Challenge 733 Response
Bewildering Stories discusses...
In Gary Clifton’s “Fight Bite,” Dr. Rosetti says that human oral bacteria are so virulent that they will almost certainly cause a severe infection unless a bite wound is treated immediately. Is the claim true or is the doctor exaggerating wildly? Ask your dentist. What other source of microbes might cause a severe infection?
[Gary Clifton] I’ve seen several cases of fight bite, including two on cadavers. Pathologists tell me that infection onset is rapid. And it may occur often enough to be called “common” among the barroom-brawling crowd.
I based the case in The Dead Bin on a real case, where a pimp beat one of his girls so badly that he cut his hand when he broke several of her teeth, which cut through his gloves to his knuckle bones. His hand looked like a cooked ham.
[Bill Kowaleski] Reports say that about 10 to 15 percent of human bite wounds become infected, and hand wounds are the most likely. Delayed or inadequate treatment can have severe consequences.
Not only does the human mouth contain as many as a hundred million organisms, some of them may be very dangerous, such as hepatitis, herpes, syphilis, tuberculosis, and tetanus.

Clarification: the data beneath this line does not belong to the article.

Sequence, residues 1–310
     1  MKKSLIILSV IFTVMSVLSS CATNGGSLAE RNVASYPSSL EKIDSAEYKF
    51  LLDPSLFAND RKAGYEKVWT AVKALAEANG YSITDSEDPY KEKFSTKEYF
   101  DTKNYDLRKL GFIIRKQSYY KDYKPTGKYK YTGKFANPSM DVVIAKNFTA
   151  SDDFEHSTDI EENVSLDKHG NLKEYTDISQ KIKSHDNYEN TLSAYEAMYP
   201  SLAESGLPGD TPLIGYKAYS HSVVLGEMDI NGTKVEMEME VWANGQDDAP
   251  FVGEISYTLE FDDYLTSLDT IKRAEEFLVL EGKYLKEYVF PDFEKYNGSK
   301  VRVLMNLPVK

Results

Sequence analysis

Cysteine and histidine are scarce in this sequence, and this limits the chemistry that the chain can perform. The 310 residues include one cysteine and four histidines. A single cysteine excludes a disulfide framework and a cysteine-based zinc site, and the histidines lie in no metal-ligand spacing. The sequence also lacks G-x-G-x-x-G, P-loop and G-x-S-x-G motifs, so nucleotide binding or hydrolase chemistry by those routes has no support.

[Don Webb] And if the biter has rabies, that would definitely be cause for concern.
What else might cause trouble, besides what’s in the mouth? One hardly expects barroom brawlers to be so fastidious as to wash their hands before engaging in fisticuffs. Sheer dirt and the skin’s own bacteria are likely to penetrate a hand wound.
Dr. Rosetti may be exaggerating a little, but by no means wildly. A dentist may say that infection from a bite wound is unlikely. That’s true, as far as it goes, but look at it this way:
If you’re holding a poker hand that has six to one odds in your favor, what do you do? You bet big. You’re likely to win, and what do you stand to lose but money?
Turn it around. What if you have one chance in seven of being shot or the equivalent? You may lose not only the poker hand but the hand that holds the cards and, quite possibly, a lot else, as well. Do the odds look so good now?
Given the facts, even barroom brawlers might not need to hear a lecture on risk-benefit analysis before thinking twice about throwing punches. Would that the same could be said of politicians and nuclear weapons.
Copyright © 2017 by Bewildering Stories
(The discussion has been condensed for brevity.)